In science news this week: Nigiri project mixes salmon and rice fields on floodplain for fifth year; Spawning on top of each other; The Living Atlas now includes ESRI’s drought tracker; California drought visualized with open data; State Water Board to host data fair and data innovation challenge; Dr. Josue Medellin-Azuara receives Editor’s Choice Article Award; Paper: ‘Conjunctive Groundwater Management as a Response to Socio-ecological Disturbances; Incentive-based Instruments for Freshwater Management; Increasing drought threatens almost all US forests; Report: Sea levels rose faster last century than in previous 2700 years; Global hawk flies Pacific storm mission
Nigiri project mixes salmon and rice fields on floodplain for fifth year: “An annual experiment to “plant” salmon in Yolo County rice fields aims to better explain how floodplains support strong salmon populations. Dubbed the “Nigiri Project” for its sushi-like marriage of fish and rice, the research is a collaborative project among the UC Davis Center for Watershed Sciences, the California Department of Water Resources and nonprofit organization California Trout. For the first time this year, the agricultural floodplain habitat experiment will compare food web productivity and fish growth in three different kinds of river habitat. … ” Read more from UC Davis here: Nigiri project mixes salmon and rice fields on floodplain for fifth year
Symposium: Delta and longfin smelt: Is extinction inevitable? The UC Davis Coastal and Marine Sciences Institute and the Delta Science Program is hosting a free one-day symposium. Get more information on the symposium and other upcoming science events on the Notebook’s science calendar (Yeah, I’m going to be like that … ) Click here for the science calendar.
Working with salty soils and homemade research tools in the Delta: “California’s Sacramento-San Joaquin River Delta region, commonly referred to simply as the Delta, is often described as a unique part of the world. Although it is located between two big urban centers – the greater Sacramento and San Francisco Bay areas – the Delta can feel like another world altogether. This is something Michelle Leinfelder-Miles, a farm advisor with UC Agriculture and Natural Resources, knows well. She comes from a sixth-generation farming family in San Joaquin County and, after accepting her position several years ago, was happy to return “home” after working in far-off locations ranging from Spain to Chile to New Zealand. It turned out, however, that because her family farms on the east side of the county, when she first started working on the western side – the Delta – some farmers didn’t necessarily see it that way. … ” Read more from The Confluence here: Working with salty soils and homemade research tools in the Delta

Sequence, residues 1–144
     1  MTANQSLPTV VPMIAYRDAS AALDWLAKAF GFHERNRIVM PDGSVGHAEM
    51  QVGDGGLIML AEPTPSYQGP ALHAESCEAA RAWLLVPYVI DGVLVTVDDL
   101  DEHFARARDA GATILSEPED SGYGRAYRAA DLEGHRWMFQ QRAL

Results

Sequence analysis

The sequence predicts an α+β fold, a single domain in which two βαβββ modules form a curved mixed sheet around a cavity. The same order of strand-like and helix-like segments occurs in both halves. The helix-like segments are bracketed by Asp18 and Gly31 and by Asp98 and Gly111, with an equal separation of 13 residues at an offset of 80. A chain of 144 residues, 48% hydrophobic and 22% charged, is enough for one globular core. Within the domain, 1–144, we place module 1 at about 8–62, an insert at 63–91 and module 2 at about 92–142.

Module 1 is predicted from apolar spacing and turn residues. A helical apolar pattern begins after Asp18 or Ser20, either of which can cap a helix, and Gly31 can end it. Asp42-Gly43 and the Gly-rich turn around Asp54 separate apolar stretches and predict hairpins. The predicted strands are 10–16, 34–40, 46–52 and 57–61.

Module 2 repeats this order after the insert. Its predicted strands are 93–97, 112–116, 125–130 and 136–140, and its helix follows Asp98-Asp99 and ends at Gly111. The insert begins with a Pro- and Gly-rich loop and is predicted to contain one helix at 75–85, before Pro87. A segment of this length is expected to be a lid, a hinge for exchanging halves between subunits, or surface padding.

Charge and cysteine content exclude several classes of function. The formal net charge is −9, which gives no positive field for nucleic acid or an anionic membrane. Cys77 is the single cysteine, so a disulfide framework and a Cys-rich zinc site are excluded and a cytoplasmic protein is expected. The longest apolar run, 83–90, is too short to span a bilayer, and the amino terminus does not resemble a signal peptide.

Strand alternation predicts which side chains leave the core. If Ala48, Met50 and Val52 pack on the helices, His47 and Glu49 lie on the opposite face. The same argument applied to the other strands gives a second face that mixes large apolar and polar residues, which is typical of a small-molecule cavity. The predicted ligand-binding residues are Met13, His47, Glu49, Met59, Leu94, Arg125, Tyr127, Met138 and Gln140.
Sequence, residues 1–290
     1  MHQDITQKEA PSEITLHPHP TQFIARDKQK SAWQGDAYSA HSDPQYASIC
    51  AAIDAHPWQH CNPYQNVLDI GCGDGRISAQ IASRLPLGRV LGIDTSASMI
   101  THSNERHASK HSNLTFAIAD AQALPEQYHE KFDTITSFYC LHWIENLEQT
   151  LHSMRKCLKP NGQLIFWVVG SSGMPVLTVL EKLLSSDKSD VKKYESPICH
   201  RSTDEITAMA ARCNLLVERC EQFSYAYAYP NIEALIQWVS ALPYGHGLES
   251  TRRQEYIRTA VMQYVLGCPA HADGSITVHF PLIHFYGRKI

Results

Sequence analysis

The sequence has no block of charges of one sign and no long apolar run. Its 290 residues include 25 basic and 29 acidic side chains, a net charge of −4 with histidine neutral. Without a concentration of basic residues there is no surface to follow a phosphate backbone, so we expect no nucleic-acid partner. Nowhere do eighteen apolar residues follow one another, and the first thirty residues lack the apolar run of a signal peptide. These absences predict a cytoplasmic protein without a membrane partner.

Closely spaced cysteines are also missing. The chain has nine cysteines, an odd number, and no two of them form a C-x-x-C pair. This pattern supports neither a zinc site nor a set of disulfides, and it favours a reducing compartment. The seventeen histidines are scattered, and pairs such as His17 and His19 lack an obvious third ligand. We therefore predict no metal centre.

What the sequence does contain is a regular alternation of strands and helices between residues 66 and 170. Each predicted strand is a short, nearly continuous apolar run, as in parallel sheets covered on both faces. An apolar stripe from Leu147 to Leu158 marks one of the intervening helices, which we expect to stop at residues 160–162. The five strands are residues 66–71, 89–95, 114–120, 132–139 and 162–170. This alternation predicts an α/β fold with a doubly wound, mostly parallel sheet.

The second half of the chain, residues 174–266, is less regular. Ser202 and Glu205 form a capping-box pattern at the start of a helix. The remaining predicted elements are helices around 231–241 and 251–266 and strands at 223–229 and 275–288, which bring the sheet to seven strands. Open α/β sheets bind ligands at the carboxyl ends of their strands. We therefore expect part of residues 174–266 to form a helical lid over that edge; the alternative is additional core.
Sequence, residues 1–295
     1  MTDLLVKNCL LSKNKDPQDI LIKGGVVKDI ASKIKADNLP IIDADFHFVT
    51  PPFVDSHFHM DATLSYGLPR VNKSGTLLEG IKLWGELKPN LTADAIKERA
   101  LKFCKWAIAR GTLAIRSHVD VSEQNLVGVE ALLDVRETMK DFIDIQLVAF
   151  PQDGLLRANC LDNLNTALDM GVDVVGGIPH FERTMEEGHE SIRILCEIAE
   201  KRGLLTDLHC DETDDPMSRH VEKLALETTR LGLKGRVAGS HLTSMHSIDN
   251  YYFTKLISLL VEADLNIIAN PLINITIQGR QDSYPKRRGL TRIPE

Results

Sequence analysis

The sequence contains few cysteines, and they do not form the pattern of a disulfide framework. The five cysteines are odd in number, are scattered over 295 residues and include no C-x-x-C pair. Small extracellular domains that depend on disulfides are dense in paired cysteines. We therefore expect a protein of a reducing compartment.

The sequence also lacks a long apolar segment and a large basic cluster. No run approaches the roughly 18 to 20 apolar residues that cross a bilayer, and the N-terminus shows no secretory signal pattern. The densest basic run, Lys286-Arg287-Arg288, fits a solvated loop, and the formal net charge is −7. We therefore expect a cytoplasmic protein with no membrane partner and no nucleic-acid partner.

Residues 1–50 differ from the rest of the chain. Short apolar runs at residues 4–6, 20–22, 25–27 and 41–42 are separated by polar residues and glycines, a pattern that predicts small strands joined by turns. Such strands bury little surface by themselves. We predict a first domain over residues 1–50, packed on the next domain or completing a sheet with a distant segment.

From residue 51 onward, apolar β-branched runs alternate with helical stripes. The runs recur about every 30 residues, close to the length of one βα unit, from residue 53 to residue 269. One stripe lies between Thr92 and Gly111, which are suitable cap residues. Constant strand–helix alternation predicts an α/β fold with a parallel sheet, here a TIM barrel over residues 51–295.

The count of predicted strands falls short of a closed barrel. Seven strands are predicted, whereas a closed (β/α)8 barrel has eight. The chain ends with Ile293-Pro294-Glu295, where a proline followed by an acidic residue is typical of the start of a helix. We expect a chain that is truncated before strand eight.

Superimposed: Spawning on top of each other: “For a species to persist, individuals must survive, reproduce, and leave behind viable offspring. In the case of salmon, evolutionary fitness requires successful spawning. Salmon are prolific egg producers, but their reproductive success largely depends on how many of those eggs survive to become fry. A major reason why many salmon eggs may not survive is that adult salmon often dig their redds (nests) on top of redds already created by other fish. This “redd superimposition” is believed to be a major source of salmon embryo mortality because eggs are easily scattered or crushed by the digging behavior of females (Quinn 2005). Other threats to salmon eggs include predation, low dissolved oxygen levels, redds clogging up with fine sediments, and extremes of temperature and water flow (Quinn 2005). One reason for the success of salmon hatcheries is that they short-circuit this egg-to-fry survival bottleneck through the use of artificially controlled reproductive and early rearing conditions. … ” Read more from the FishBio blog here: Superimposed: Spawning on top of each other